Photo: University of Leicester
Last summer, researchers announced that they may have found the human skeleton of King Richard III beneath a parking lot in England. After rigorous DNA analysis, the University of Leicester confirmed Monday, Feb. 4, that the bones belong to the medieval monarch.
From the University:
DNA from the skeleton matches two of Richard III’s maternal line relatives. The genealogy investigation verified the connection between these descendants and Richard III’s family.
The skeleton was likely to have been killed by one of two fatal injuries to the skull – one possibly from a sword and one possibly from a halberd. A total of 10 wounds were discovered on the skeleton.
King Richard III of England died in a battle during the War of the Roses in 1485. The body was believed to have been brought to Leicester, England, and buried in the church of the Franciscan Friary, or Greyfriars. But over time, the location of the church was lost, along with the king’s remains. The discovery closes the chapter on a 500-year-old mystery.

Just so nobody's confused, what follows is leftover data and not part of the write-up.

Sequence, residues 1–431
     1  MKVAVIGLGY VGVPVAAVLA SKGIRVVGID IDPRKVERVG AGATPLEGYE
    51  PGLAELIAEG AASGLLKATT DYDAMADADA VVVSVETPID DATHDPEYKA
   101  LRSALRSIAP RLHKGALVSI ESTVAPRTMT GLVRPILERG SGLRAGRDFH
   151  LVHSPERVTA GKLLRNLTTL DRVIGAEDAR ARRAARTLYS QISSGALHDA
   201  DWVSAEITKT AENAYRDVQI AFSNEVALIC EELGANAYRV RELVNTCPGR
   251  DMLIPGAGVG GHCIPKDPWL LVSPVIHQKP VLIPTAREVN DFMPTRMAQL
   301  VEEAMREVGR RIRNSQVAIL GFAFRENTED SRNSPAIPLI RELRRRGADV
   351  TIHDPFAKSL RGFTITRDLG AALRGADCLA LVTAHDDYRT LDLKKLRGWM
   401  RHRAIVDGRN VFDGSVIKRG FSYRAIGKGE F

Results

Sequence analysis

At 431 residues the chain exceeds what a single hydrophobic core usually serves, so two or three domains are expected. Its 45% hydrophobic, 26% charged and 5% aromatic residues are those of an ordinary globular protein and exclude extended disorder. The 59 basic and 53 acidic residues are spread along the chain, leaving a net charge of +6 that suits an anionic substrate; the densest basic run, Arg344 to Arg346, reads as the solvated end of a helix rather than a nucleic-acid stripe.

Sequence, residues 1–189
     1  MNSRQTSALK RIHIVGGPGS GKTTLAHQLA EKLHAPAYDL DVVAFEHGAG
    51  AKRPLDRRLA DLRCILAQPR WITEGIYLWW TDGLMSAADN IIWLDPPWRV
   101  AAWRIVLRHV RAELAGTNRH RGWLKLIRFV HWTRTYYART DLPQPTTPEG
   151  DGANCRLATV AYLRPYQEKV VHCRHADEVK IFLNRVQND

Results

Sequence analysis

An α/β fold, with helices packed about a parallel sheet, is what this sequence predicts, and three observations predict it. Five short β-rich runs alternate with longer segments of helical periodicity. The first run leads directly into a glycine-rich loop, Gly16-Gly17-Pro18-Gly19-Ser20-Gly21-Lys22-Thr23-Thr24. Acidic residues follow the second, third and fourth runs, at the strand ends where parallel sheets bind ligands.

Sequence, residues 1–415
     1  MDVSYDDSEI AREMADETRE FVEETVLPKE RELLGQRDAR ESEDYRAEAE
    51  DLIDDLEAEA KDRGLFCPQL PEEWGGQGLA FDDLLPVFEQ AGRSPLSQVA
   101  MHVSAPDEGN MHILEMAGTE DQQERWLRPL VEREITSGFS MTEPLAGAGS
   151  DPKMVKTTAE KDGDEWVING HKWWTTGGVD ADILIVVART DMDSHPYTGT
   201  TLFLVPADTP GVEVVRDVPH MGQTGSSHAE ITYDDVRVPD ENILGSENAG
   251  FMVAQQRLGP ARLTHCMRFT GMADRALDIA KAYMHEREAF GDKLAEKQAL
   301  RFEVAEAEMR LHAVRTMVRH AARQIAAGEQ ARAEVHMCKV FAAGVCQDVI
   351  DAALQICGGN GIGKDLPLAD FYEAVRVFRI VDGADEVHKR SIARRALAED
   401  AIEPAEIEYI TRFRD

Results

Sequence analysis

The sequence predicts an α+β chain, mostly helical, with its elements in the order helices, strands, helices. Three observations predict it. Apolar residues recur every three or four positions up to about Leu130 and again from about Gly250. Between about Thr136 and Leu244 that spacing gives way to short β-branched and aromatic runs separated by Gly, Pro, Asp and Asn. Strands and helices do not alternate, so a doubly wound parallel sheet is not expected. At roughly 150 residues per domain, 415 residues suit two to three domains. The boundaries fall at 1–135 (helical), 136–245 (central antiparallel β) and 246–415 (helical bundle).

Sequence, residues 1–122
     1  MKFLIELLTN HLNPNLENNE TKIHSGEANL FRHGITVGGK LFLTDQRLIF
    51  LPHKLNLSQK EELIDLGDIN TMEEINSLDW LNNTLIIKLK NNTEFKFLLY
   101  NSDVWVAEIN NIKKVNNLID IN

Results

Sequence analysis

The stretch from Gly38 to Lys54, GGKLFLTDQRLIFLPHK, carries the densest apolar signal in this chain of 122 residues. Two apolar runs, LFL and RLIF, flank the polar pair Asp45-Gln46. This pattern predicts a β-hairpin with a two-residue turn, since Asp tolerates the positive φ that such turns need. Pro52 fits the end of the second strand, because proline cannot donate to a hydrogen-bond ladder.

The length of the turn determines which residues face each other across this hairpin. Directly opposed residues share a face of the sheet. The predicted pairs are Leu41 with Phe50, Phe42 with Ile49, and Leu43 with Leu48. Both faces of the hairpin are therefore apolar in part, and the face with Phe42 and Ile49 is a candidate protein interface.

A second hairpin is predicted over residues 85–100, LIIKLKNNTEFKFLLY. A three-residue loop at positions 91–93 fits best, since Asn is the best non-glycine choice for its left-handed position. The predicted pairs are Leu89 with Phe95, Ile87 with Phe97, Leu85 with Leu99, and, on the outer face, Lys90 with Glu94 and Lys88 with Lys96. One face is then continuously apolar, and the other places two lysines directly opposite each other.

The grave site was found under a city council parking lot in Leicester. Two fatal injuries to the skull are consistent with battle wounds. The skeleton also had a curved spine, which matches accounts that the king’s right shoulder was higher than his left.
Researchers said they found no evidence of a withered arm, which is how the monarch was famously portrayed by William Shakespeare in the play “Richard III.”
Here’s a short video on the search for King Richard III:
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